Schools of Thought
1. Structuralism (Titchener)- Introspection (try to identify structures of the conscious mind, self-observation
such as feelings and sensations)
Different ideas passed on mood
Proved unreliable because regardless of how systematic an observation was, structuralists were not
always able to agree
2. Functionalism (William James)- Purpose of mental processes rather than simply focusing on its structure
(adapt/ survive)
Behaviour-can study a broader scope
Used a variety of empirical methods that focused on the causes and consequences of behaviour
Highlighted differences among individuals rather than identifying only those characteristics that they
shared
Emphasized need for research to include animals, children, and persons with mental disorders in
order to understand both normal and abnormal psychological functioning
Example: Participants were asked to point to the location of a sound.
Structuralist- asked each participant to provide an introspective report of her conscious experience of the
sound
Functionalist- more concerned with issues like how accurately participants could point in the direction in
which the sound was physically located
Gestalt Psychology
Whole experience (organized ideas)- when you look at a computer screen you see complete pictures
instead of thousands small pixels
Chapter 1.4:
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Sigmund Freud- Viennese neurologist (studied hysteria), suggested that many of our thoughts and feelings exist
beyond the realm of awareness, in the unconscious.
Conscious mind was only the tip of the intellectual and perceptual iceberg
Unconscious mind did not exert enormous influence on behaviour
The root cause of patient's maladies was mental and not physical
Childhood experiences help set the stage for later psychological functioning by contributing to effective or
ineffective interaction among conscious and unconscious forces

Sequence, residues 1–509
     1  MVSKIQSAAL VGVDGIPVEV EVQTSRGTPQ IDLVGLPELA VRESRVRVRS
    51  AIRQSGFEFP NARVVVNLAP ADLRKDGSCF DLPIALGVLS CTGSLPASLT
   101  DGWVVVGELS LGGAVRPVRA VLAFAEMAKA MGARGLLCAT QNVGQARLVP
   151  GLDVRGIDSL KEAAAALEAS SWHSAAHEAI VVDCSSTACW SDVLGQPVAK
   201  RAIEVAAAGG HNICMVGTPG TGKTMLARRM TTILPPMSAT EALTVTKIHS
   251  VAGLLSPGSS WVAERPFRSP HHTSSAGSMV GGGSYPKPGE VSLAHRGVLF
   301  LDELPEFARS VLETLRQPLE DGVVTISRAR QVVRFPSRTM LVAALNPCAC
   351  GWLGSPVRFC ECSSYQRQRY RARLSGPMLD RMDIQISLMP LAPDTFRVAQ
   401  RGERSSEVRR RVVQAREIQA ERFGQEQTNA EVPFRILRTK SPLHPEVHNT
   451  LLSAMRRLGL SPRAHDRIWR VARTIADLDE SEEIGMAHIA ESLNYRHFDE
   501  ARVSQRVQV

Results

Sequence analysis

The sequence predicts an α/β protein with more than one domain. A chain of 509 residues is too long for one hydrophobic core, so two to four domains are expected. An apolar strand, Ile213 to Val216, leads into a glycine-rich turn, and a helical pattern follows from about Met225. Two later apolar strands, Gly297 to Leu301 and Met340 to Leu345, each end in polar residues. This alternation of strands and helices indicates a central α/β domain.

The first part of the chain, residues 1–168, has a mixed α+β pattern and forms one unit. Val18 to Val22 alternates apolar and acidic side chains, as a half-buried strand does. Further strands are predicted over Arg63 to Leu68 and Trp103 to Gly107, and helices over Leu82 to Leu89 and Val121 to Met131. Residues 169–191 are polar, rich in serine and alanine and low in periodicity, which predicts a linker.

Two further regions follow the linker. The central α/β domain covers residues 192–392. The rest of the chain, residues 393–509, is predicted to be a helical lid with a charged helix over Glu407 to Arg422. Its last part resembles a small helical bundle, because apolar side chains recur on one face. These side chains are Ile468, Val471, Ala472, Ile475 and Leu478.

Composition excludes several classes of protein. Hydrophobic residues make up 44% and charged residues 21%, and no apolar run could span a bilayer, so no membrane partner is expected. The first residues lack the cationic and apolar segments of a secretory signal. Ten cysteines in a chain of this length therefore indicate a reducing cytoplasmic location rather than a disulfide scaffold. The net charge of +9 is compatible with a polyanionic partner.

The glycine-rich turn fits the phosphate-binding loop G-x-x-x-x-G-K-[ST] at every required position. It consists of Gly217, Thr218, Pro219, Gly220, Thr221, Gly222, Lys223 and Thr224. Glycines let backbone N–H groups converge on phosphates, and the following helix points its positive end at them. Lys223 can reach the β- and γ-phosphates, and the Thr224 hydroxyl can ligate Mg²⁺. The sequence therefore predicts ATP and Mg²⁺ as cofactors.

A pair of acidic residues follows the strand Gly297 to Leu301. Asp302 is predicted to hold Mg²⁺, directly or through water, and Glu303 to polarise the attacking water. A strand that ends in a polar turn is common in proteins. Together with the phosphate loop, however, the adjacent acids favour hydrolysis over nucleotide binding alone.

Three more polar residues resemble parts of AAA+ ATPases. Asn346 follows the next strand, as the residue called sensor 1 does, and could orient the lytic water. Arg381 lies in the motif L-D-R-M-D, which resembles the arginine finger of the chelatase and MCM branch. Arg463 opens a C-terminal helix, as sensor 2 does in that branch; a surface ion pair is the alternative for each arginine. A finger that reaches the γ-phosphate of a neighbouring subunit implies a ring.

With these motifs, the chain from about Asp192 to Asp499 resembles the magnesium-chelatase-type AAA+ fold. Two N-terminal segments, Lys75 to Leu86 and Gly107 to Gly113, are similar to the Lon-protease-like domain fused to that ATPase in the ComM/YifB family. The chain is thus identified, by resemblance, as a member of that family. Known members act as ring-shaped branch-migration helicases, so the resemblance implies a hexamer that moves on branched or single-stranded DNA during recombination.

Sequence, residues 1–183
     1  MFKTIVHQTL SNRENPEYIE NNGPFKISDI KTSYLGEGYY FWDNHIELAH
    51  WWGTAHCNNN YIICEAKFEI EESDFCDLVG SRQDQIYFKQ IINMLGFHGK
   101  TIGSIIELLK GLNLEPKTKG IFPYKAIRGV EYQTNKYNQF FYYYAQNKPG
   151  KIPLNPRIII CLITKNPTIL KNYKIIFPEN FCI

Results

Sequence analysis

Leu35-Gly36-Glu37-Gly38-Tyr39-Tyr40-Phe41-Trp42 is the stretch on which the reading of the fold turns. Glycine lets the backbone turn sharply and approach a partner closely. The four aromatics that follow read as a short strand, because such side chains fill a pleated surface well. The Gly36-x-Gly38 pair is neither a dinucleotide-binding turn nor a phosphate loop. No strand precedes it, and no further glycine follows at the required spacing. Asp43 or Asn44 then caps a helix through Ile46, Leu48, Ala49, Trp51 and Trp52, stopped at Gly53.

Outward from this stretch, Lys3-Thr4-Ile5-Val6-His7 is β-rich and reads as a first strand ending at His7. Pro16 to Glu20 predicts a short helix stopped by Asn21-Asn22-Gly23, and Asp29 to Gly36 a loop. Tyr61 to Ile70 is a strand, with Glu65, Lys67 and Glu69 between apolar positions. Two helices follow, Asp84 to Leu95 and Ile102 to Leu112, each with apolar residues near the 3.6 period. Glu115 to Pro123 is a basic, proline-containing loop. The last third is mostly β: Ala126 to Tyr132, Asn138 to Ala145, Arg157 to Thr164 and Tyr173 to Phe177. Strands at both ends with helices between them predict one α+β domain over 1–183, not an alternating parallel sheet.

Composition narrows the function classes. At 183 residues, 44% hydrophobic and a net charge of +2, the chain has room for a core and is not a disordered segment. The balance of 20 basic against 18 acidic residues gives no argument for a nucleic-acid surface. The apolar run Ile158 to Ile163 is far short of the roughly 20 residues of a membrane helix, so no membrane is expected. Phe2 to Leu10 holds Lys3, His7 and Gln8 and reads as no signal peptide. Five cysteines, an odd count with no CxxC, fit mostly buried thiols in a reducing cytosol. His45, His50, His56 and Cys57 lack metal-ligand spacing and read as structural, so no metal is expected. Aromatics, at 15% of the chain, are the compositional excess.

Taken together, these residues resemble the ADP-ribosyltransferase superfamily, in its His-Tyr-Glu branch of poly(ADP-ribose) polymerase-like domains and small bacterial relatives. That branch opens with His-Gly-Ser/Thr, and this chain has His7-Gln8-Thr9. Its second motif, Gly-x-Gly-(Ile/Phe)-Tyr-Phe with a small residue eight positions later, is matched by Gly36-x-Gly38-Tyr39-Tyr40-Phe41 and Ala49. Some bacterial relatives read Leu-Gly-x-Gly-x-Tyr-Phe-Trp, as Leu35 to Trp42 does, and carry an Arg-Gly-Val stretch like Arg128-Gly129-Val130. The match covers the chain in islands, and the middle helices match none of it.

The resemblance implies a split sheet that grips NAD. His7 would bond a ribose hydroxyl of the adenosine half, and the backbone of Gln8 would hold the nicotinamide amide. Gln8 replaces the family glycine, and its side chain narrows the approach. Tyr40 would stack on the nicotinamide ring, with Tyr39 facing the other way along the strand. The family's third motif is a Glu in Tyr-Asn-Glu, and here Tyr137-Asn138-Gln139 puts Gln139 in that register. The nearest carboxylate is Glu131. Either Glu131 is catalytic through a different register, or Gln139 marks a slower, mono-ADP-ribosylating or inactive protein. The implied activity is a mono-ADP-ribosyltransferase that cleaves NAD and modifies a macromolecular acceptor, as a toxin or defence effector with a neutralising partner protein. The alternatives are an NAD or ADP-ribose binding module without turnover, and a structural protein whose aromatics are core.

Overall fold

Children unconsciously adopt social and moral norms frim their parents and in turn develop
conscious awareness of what constitutes acceptable and unacceptable expression of their internal
desires
Psychoanalytical Theory-Human mental processes are influenced by the competition among unconscious forces
to come into awareness.
Behaviourism
A branch of psychological thought arguing that psychology should study only directly observable behaviours
rather than abstract mental processes
Early psychologists focused on relationship between stimuli and responses
Ivan Pavlov discovered that conditioning linked various animal behaviours to events in the animal's
environments (Dog's salivation)
Description vs. Explanation
Reinforcement- learning processes that increases the likelihood a given response will be repeated (positive
or negative)
Punishment- an experience that produces a decrease in a particular behaviour
The Major Perspective in Psychology Today
Psychoanalytic- Interactions between the conscious and unconscious mind govern virtually all behaviour;
childhood experiences set the stage for later psychological functioning.
Behaviourist- Only observable behaviour can be studied scientifically. Perspective focuses on stimulus-
response relationships and the consequences for behaviour.
Humanist- People can be helped to realize their full and grand potential, which will inevitably lead to their
positive psychological growth.
Cognitive- Mental processes are using an information processing (means by which information is stored
and operates internally) model (inputs/outputs).
Neuroscience/Psychobiological- Psychobiological functions are explained primarily in terms of their
biological foundations.
Evolutionary- Behaviour and mental processes are explained in terms of evolution, inheritance, and
adaptation.
Cultural- Study of how cultural practices shape psychological and behavioural tendencies and influence
human behaviour (Cross-cultural psychology is the study of what is generally or universally true about
human beings regardless of culture).
Cultural Universality- Behaviours and practices that occur across all cultures
Branches of Psychology
Academic psychology- focuses on research and instruction in the various areas or fields of study in
psychology (developmental psychologist- child development).
Applied psychology- applying psychological principles to practical problems in other fields, such as
education, marketing or industry (sports psychologist).
Counselling and Clinical psychology- study of abnormal psychological behaviour and interventions
designed to change that behaviour.
Shared values between the three branches above: Theory driven, empirical, multi-level, contextual.
Current Trends in Psychology
Growing diversity